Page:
Does reward for positive employee attendance work?
Posted 29/07/2019 : By: Kathryn Pratt
Many organisations use rewards and recognition to show employees they appreciate and respect their positive attendance. In some cases, cash-based incentives or rewards work well to encourage attendance and discourage unnecessary absence.
However, while this seems to be a positive approach to managing employee attendance, and while attendance looks ‘good on paper’, does this policy simply hide the underlying cause of sickness absence rates? And do incentives for attendance put more pressure on employees to attend work when they are ill?
The cost of absenteeism is well-known. What is less well-known is the cost of presenteeism, which more recently appears to be the greater threat to organisations productivity in the UK. Below we explore why reward for attendance is ineffective, the cost it can have on business long-term and much more – mental health wellbeing among staff.
What is presenteeism?
The term ‘presenteeism’ was originally used to describe the issue of employees going into work while not physically or mentally fit. The term has now been expanded to include employees who are simply disengaged and not altogether “present” in their role.
Presenteeism is one of the biggest threats to productivity and is a problem in most organisations in the UK. According to CIPD research, more than four-fifths of respondents (83% in 2019 and 86% in 2018) across all sectors and sizes of organisation, report they have observed ‘presenteeism’ in their organisation over the past 12 months.
While at first glimpse an employee coming into work despite feeling under the weather may seem like an applaudable act, research has shown that people are significantly less productive when they are unwell. In addition, they may be contagious which could have a knock-on effect of reduced productivity across the office. Furthermore, if employees are continually coming to work when sick (particularly if due to a mental health issue such as anxiety or depression), then it’s likely that their illness will steadily worsen.
Those who are disengaged are more likely to be careless with their work, making more mistakes and distracting their engaged co-workers. Attitude can also be just as catching as illness. Working alongside a colleague who is demotivated, unhappy or distanced can be an emotional drain on all members of the team, and this is likely to have a negative impact on the morale of the workplace.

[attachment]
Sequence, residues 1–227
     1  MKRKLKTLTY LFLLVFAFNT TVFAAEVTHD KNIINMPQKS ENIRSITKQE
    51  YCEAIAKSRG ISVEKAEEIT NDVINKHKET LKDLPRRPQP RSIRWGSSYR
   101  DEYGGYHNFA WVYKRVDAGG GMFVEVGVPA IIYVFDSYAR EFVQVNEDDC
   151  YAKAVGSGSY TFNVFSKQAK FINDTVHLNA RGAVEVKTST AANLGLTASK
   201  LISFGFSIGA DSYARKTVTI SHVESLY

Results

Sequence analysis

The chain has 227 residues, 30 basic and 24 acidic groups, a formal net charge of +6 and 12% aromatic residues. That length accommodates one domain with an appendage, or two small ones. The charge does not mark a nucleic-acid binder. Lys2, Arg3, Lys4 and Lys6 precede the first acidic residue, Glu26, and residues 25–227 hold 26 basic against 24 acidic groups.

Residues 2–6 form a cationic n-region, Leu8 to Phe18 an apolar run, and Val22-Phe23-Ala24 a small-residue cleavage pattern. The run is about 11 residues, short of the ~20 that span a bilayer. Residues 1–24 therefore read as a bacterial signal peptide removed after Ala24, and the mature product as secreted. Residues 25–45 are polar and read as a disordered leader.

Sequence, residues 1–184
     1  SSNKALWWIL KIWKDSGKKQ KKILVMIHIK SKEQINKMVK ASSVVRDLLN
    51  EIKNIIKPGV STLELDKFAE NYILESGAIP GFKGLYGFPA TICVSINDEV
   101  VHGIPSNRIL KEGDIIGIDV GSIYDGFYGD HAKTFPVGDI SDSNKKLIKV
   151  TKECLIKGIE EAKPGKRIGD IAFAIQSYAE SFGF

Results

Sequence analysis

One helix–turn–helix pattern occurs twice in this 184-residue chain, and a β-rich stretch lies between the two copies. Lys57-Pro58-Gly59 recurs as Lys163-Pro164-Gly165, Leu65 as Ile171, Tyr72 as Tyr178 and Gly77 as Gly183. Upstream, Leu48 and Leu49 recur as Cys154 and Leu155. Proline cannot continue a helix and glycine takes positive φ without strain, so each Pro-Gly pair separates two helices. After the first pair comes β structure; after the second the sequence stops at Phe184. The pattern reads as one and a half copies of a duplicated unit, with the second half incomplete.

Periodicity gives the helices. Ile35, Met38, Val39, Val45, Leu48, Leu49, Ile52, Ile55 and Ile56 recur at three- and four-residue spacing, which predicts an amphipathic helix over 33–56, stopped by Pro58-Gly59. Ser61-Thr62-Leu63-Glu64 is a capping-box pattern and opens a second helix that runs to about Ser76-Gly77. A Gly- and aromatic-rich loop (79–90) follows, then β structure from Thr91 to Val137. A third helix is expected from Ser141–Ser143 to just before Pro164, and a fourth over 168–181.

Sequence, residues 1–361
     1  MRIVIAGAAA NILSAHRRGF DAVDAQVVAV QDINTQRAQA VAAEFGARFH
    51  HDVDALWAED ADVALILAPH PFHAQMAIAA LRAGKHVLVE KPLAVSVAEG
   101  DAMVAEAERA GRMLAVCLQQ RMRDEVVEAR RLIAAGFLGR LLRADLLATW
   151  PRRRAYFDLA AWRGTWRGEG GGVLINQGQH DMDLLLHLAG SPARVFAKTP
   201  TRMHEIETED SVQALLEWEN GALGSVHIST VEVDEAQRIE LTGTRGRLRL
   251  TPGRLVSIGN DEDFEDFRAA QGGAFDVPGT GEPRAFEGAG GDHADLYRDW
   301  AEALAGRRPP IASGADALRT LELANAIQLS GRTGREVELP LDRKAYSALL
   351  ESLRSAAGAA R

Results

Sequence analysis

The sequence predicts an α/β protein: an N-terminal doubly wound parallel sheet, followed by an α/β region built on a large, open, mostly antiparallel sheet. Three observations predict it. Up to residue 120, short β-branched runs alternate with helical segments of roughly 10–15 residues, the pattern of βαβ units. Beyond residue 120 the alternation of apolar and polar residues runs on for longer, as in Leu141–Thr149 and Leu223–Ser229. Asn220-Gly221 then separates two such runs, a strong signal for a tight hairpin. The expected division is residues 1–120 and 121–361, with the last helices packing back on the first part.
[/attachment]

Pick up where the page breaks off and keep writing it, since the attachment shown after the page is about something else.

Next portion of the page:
How to prevent presenteeism
- Drop the practice. Encourage employees to take time off when they’re ill and allow them time to recover properly. This should prevent prolonged illnesses and allow them to return ready to work at their best.
- Find out why staff are disengaged. Regular conversations with employees help to develop a more healthy, authentic workplace relationship and provides opportunity for people to talk about any problems or questions they might have. Valued employees are engaged employees.
- Ask your staff to complete an anonymous satisfaction survey and find out areas you can improve on when it comes to employee engagement.
- Review your sick pay policy. Allow employees some paid time off sick to alleviate any pressure to come to work when ill or remove any incentives that encourage 100% attendance.
- A Health and Wellbeing CIPD survey showed 57% of employees would stay in their job longer if there was more effort put into their wellbeing. If these measures were in place, 58% said their work would be of higher quality. Think about providing employee wellbeing initiatives such as wellness days, support for employees who want to lose weight or give up smoking, staff exercise classes etc.
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